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ECG Lectures Wide Complex Tachycardias ECG Lectures Wide Complex Tachycardias Selim Krim, MD Assistant Professor Texas Tech University Health Sciences.

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Presentation on theme: "ECG Lectures Wide Complex Tachycardias ECG Lectures Wide Complex Tachycardias Selim Krim, MD Assistant Professor Texas Tech University Health Sciences."— Presentation transcript:

1 ECG Lectures Wide Complex Tachycardias ECG Lectures Wide Complex Tachycardias Selim Krim, MD Assistant Professor Texas Tech University Health Sciences Center

2 Objectives Understand the importance and clinical consequence of making the right diagnosis of wide complex tachycardia Get familiar with the different etiologies of wide complex tachycardia Step wise approach to diagnosing wide complex tachycardia Recognize SVT with aberrancy from ventricular Tachycardia

3 Differential Diagnosis of Wide QRS Tachycardias Ventricular Tachycardia Supraventricular Tachycardia with BBB or WPW Atrial fibrillation with aberration or with WPW

4 Clinical pearls One of the most common lethal errors made in arrhythmia diagnosis is to mistake VT for SVT and treat with verapamil, diltiazem, and adenosine, all of which can precipitate ventricular fibrillation in patients in VT, even if initially stable. Therefore, all wide-complex tachycardias should be assumed to be VT until proven otherwise.

5 Bedside Clues to V-Tach Advanced heart disease (e.g., coronary heart disease) statistically favors ventricular tachycardia Cannon 'a' waves in the jugular venous pulse suggests ventricular tachycardia with AV dissociation. Under these circumstances atrial contractions may occur when the tricuspid valve is still closed which leads to the giant retrograde pulsations seen in the JV pulse. With AV dissociation these giant a-waves occur irregularly. If the patient is hemodynamically unstable, think ventricular tachycardia and act accordingly!

6 Ventricular Tachycardia A run of three (3) or more consecutive PVCs Sustained (lasting >30 sec) vs. nonsustained Monomorphic (uniform morphology) vs. polymorphic vs. Torsade-de-pointes Monomorphic (uniform morphology) vs. polymorphic vs. Torsade-de-pointes Torsade-de-pointes: a polymorphic ventricular tachycardia associated with the long-QT syndromes characterized by phasic variations in the polarity of the QRS complexes around the baseline. Torsade-de-pointes: a polymorphic ventricular tachycardia associated with the long-QT syndromes characterized by phasic variations in the polarity of the QRS complexes around the baseline.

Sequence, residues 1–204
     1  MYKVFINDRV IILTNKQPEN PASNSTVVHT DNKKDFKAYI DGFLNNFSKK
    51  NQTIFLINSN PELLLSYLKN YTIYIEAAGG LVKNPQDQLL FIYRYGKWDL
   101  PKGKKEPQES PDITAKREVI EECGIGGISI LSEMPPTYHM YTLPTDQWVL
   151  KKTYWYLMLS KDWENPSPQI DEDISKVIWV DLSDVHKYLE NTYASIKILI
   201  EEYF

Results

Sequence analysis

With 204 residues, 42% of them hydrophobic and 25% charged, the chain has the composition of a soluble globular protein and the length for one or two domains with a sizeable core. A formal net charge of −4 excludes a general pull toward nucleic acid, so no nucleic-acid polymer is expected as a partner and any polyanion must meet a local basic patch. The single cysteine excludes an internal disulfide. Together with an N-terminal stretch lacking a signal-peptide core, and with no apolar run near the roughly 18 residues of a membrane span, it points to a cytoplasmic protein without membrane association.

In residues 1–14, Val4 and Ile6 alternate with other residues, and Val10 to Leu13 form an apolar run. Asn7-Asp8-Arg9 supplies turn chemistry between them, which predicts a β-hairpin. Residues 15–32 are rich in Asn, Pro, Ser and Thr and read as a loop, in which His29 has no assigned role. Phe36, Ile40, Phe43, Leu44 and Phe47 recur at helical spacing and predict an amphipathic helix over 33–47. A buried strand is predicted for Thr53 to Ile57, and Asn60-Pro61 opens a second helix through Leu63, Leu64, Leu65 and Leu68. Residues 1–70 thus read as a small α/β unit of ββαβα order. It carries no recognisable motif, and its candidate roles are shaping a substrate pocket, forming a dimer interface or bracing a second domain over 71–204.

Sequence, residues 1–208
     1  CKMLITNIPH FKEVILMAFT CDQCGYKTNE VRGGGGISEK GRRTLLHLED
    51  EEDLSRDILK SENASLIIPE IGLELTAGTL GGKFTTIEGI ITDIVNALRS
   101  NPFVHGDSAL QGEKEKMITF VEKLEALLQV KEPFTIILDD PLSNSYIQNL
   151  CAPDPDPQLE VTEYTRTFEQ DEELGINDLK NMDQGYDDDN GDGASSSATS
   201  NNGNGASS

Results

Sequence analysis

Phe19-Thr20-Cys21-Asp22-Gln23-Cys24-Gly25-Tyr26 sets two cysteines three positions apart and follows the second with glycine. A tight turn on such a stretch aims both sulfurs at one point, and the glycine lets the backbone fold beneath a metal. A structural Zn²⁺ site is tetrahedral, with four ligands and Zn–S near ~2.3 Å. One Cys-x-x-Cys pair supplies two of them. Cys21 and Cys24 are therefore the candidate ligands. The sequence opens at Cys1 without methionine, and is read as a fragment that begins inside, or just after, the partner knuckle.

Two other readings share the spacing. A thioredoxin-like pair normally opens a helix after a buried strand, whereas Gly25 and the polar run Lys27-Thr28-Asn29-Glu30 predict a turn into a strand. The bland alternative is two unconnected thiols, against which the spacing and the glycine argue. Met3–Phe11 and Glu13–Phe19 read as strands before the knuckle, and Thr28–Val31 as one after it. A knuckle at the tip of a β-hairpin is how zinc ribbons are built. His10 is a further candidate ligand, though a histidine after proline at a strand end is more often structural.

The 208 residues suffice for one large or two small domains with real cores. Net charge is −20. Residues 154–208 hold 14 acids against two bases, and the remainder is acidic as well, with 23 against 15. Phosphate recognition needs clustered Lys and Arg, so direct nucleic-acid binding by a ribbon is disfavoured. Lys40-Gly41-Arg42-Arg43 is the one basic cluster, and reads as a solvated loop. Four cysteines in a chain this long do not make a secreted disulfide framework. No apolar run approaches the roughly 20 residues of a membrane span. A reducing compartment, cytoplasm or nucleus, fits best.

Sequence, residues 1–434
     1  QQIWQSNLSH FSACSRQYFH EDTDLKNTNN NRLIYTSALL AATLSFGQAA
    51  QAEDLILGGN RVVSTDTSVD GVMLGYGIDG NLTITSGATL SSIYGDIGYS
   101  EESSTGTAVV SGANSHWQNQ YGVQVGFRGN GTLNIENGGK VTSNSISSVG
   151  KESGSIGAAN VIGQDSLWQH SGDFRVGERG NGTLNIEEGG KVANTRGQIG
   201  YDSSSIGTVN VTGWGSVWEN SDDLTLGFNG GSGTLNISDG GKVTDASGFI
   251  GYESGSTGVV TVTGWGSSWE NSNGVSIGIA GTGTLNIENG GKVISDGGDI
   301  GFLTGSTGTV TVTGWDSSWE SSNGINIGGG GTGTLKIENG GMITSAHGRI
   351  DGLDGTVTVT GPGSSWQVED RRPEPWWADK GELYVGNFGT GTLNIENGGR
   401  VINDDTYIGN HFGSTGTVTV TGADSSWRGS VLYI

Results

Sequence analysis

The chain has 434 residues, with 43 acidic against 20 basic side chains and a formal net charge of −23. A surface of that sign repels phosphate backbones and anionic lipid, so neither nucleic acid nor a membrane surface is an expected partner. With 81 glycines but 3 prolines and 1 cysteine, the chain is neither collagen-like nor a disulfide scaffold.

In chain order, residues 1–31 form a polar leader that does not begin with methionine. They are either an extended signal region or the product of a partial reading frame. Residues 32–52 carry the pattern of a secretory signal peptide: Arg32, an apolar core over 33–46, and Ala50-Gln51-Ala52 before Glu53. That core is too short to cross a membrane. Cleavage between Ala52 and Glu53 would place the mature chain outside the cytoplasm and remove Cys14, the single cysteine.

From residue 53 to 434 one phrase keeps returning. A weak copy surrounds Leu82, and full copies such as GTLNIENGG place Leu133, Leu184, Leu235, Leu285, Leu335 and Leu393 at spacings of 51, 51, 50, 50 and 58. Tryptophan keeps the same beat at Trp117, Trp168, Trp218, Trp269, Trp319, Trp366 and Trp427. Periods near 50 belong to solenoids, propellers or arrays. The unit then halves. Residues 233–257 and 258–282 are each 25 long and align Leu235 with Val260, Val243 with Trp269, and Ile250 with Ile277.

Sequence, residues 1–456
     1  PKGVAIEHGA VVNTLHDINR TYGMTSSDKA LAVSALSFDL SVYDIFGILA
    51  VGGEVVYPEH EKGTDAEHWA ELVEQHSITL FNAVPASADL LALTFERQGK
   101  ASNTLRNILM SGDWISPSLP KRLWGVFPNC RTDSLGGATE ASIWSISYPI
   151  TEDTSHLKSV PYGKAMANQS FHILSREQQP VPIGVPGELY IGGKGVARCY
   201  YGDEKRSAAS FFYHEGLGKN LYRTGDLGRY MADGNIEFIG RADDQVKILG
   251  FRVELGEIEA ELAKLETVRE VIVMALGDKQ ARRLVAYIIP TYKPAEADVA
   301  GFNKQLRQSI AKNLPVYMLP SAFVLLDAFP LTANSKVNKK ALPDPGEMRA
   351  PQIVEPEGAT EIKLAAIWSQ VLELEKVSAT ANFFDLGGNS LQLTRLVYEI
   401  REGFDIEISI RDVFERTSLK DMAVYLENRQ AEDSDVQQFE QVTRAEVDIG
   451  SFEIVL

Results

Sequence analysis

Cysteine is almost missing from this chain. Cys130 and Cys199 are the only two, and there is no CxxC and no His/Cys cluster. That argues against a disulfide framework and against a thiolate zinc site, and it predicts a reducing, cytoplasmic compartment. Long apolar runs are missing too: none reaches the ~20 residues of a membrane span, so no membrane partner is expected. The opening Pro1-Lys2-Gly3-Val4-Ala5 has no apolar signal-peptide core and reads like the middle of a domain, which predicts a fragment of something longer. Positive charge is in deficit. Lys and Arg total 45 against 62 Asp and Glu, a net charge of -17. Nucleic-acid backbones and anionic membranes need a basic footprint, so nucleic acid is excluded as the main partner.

7 Monomorphic Ventricular Tachycardia

8 Torsades de Pointes

9 ECG Clues to Ventricular Tachycardia Regularity of the rhythm: If the wide QRS tachycardia is sustained and monomorphic, then the rhythm is usually regular (i.e., RR intervals equal) A-V Dissociation strongly suggests ventricular tachycardia! Unfortunately AV dissociation only occurs in approximately 50% of ventricular tachycardias. Fusion beats or captures often occur when there is AV dissociation and this also strongly suggests a ventricular origin for the wide QRS tachycardia.

10 ECG Clues for V Tach Bizarre frontal-plane QRS axis (i.e. from +150 degrees to -90 degrees or NW quadrant) suggests ventricular tachycardia QRS morphology similar to previously seen PVCs suggests ventricular tachycardia If all the QRS complexes from V1 to V6 are in the same direction (positive or negative), ventricular tachycardia is likely If all the QRS complexes from V1 to V6 are in the same direction (positive or negative), ventricular tachycardia is likely Especially wide QRS complexes (>0.16s) suggests ventricular tachycardia

11 Ventricular Tachycardia

12

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14 V-Tach vs. SVT with Aberrancy Features favoring VT: Features favoring VT: RBBB Pattern Monophasic R or biphasic qR, QR, or RS in V1 S > R or QS in V6 S > R or QS in V6 LBBB pattern Broad R wave or wide R-S length (> 30msec) in V1 or V2 Notched downstroke of S- wave in V1 or V2 qR or QS pattern in V6 qR or QS pattern in V6 Features favoring SVT: Features favoring SVT: RBBB pattern Triphasic rSR' in V1 Triphasic rSR' in V6 R > S in V6 LBBB pattern No R in V1 No slurring of S-wave downstroke Monophasic R in V6 Presence of septal Q in I & V6

15 Aberrancy vs. Ectopy If the QRS in V1 is mostly positive the following possibilities exist: rsR' or rSR' QRS morphologies suggests RBBB aberrancy >90% of the time!

16 Aberrancy vs. Ectopy Monophasic R waves or R waves with a notch or slur on the downstroke of the R waves suggests ventricular ectopy > 90% of the time (see below)!

17 R waves with a notch or slur on the downstroke of the R waves

18 Monophasic R wave with a notch or slur on the upstroke of R wave: possibility or either!

19 Four-step Algorithm to Wide Complex Tachycardia Step 1: Absence of RS complex in all leads V1-V6? Yes: Dx is ventricular tachycardia! Step 2: No: Is interval from beginning of R wave to nadir of S wave >0.1s in any RS lead? Yes: Dx is ventricular tachycardia! Step 3: No: Are AV dissociation, fusions, or captures seen? Yes: Dx is ventricular tachycardia! Step 4: No: Are there morphology criteria for VT present both in leads V1 and V6? Yes: Dx is ventricular tachycardia! morphology criteriamorphology criteria NO: Diagnosis is supraventricular tachycardia with aberration!

20 Atrial Fibrillation With WPW

21 Atrial Fibrillation

22 V-tach or SVT with BBB?

23 Diagnosis?

24 Lets practice! Lets practice!

25 ECG 1

26 ECG 2

27 ECG 3

28 ECG 4

29 ECG 5

30 ECG 6

31 ECG 7

32 ECG 8

33 ECG 9

34

35 Brugada Criteria

36 Questions ? Questions ?

37 Thank you Thank you


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